Fact Checking the Opioid Fact Checkers. And Kolodny Eats His Words.

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A fact-checking site called PolitiFact weighs in on the validity of the claim that opioid deaths decreased in 2018, thus supposedly marking the first time we are getting control of the "opioid epidemic." Let's fact-check the fact-checkers. Plus, Andrew Kolodny dines on his own words.

An organization called Poynter Institute for Media (1) released a "Politifact" report in an attempt to verify the following bulls##t fact: “Drug overdose deaths decreased in 2018 for the first time in 30 years.” Their verdict?


Their verdict (L). Mine (R). Image: Politifact

There are a number of problems here. First, the concepts of "fact" and "politics" don't mesh all that well, especially these days. Second, In checking the facts of the claim Poynter itself screws up pretty badly. More on that later. Third, the author Julie Appleby uses a dubious source. You, of course, know who he is...

The Ubiquitous Andrew "Pellets" Kolodny. Not looking so great, but he keeps hopping from one interview to the next. Original Image: Flickr


So is it correct to say “Drug overdose deaths decreased in 2018 for the first time in 30 years?" Technically maybe, but don't get fooled by the numbers, real or not. They have been used by politicians, bureaucrats, and assorted other miscreants to imply that "well-thought-out policy changes" that they so carefully orchestrated over the past decade, have finally turned the tides on the "opioid fentanyl crisis" and we are back on the trail to Shangri-La. Yay! We got control of the opioid epidemic by writing fewer prescriptions!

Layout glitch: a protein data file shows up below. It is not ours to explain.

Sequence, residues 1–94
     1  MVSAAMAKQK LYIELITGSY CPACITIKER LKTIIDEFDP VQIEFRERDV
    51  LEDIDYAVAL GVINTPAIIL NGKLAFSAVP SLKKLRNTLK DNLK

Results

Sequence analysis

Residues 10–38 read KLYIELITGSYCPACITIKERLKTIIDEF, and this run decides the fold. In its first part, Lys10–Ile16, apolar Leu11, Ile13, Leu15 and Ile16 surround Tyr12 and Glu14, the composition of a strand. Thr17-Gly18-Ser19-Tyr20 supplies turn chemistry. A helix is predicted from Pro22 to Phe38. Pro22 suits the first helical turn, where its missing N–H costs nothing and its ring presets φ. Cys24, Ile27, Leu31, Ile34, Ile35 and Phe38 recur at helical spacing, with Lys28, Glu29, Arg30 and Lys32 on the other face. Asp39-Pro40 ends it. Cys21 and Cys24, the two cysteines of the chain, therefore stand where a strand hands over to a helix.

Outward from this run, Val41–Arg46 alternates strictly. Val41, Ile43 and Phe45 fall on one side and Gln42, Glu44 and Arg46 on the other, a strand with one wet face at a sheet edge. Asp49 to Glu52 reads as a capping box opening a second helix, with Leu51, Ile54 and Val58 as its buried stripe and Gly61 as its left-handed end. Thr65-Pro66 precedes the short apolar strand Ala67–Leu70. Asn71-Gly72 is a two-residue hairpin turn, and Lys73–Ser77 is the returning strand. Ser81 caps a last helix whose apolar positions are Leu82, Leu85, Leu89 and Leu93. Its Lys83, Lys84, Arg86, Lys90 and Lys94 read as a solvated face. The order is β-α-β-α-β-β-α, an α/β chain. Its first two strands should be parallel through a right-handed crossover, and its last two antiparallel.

Image: Public Domain Vectors

Let's fact-check the fact-checkers...

"Did the death rate decline in 2018 as [a detective being interviewed] noted? Yes, but that’s not the whole story."

So far, so good.

"According to the Centers for Disease Control and Prevention, 67,367 people died of drug overdoses in 2018. That number exceeded the tally, based on the most recent data available, of those who died either in car wrecks or by firearms."

Are people really still saying this? As I've wondered in the past, what the hell do drug overdoses have to do with gun violence or car accidents? Nothing. This is just manipulative hyperbole. And this idiotic statement could just as easily be rewritten: "Those of you who fear guns or auto accidents can rest easy. The chances of dying from either are now lower than from drug overdoses," and be just as accurate.

"Two-thirds of those drug overdose deaths involved some type of opioid, including those given by prescription or those purchased illicitly, such as heroin."

Noooooo! Not this again. This stale, disingenuous statement implies that overdose deaths are caused by a more-or-less equal mixture of prescription drugs and street drugs. This is dead wrong, something recently reinforced by a new study in the Canadian Medical Association Journal, which shows that prescription opioid pills are responsible for 2% of all overdose deaths in British Columbia (2). Here's a similarly crafted statement which is just as accurate and misleading, and only a little more ridiculous:

"More than 68% of homicides in the US in 2018 involve firearms, knives, and Brussels sprouts."


"To combat [a growing number of opioid prescriptions], a growing number of prescribing recommendations have been issued by physician and hospital groups, aimed at reducing the number of pills per prescription and the total number of prescriptions. The overall prescribing rate fell to 51 prescriptions per 100 people by 2018, according to the CDC."